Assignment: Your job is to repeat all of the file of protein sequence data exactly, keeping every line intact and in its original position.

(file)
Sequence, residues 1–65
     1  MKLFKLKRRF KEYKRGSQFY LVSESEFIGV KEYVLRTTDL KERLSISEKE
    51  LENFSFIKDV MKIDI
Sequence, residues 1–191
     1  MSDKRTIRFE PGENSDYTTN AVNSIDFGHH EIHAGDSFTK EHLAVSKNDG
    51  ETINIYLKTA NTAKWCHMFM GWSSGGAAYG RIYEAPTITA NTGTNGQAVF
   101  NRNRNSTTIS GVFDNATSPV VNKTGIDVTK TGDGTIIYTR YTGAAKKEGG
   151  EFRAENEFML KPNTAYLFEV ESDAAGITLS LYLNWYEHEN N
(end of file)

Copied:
Sequence, residues 1–65
     1  MKLFKLKRRF KEYKRGSQFY LVSESEFIGV KEYVLRTTDL KERLSISEKE
    51  LENFSFIKDV MKIDI
Sequence, residues 1–191
     1  MSDKRTIRFE PGENSDYTTN AVNSIDFGHH EIHAGDSFTK EHLAVSKNDG
    51  ETINIYLKTA NTAKWCHMFM GWSSGGAAYG RIYEAPTITA NTGTNGQAVF
   101  NRNRNSTTIS GVFDNATSPV VNKTGIDVTK TGDGTIIYTR YTGAAKKEGG
   151  EFRAENEFML KPNTAYLFEV ESDAAGITLS LYLNWYEHEN N